Which was why I was so happy to see an essay by Cooper, along with some killer illustrations by Wesley Allsbrook, featured on the front page of the New York Times Sunday Opinion section this weekend. (Thanks to everyone who sent it to me.)

In it he writes about the Central Park incident:

“Little did I know that those 14 words would reverberate across the nation and alter the course of my life.

“But then again, birding has changed my life many times over.”

He also describes his young self as “queer and nerdy and not particularly popular. I was suffocating in the closet, and birding offered me a way to escape.”

He talks about seeing his first red-winged blackbird and thinking the rather common species was a new species of crow he’d discovered. (It can feel that way sometimes, even as an adult.) And why Central Park is such a great place to bird. (It’s an oasis of habitat surrounded by a world of concrete.) And how the desire to see indigo buntings and scarlet tanagers gets him out of bed at 4:20 a.m.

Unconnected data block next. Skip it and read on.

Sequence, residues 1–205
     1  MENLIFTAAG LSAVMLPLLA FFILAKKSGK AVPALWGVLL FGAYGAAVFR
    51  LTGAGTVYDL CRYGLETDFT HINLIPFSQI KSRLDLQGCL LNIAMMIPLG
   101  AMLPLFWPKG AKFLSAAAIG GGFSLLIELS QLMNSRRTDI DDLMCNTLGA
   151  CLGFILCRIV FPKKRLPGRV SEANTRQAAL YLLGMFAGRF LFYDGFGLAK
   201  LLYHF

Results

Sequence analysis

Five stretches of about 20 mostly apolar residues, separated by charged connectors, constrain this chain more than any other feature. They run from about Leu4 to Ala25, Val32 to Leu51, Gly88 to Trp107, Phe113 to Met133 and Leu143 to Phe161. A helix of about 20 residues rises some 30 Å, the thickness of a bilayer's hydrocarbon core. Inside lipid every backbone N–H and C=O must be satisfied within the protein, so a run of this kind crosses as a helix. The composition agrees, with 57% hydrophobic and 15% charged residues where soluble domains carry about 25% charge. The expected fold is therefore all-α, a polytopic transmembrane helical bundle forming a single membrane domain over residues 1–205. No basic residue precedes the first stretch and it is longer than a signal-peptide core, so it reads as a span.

“Of the many disorienting twists in the aftermath of the Central Park incident, one of the most unexpected is that my voice is now amplified in matters about which I have always spoken out, including preaching the gospel of birding,” he wrote.

To take advantage of that, he has a book coming out on June 13 called “Better Living Through Birding: Notes from a Black Man in the Natural World.” (I’ve already put in an order at Books & Books.) He also has a TV show premiering June 17 on the National Geographic channel called “Extraordinary Birder,” which will follow him to different parts of the United States looking for rare birds. 

I can think of few better candidates to open up people’s perceptions about birds and birders. 

*You can stream “Birders: The Central Park Effect” (and 11 other movies a month) on the Kanopy app, free with a Monroe County library card.

Mark Hedden is a photographer, writer, and semi-professional birdwatcher. He has lived in Key West for more than 25 years and may no longer be employable in the real world. He is also executive director of the Florida Keys Audubon Society.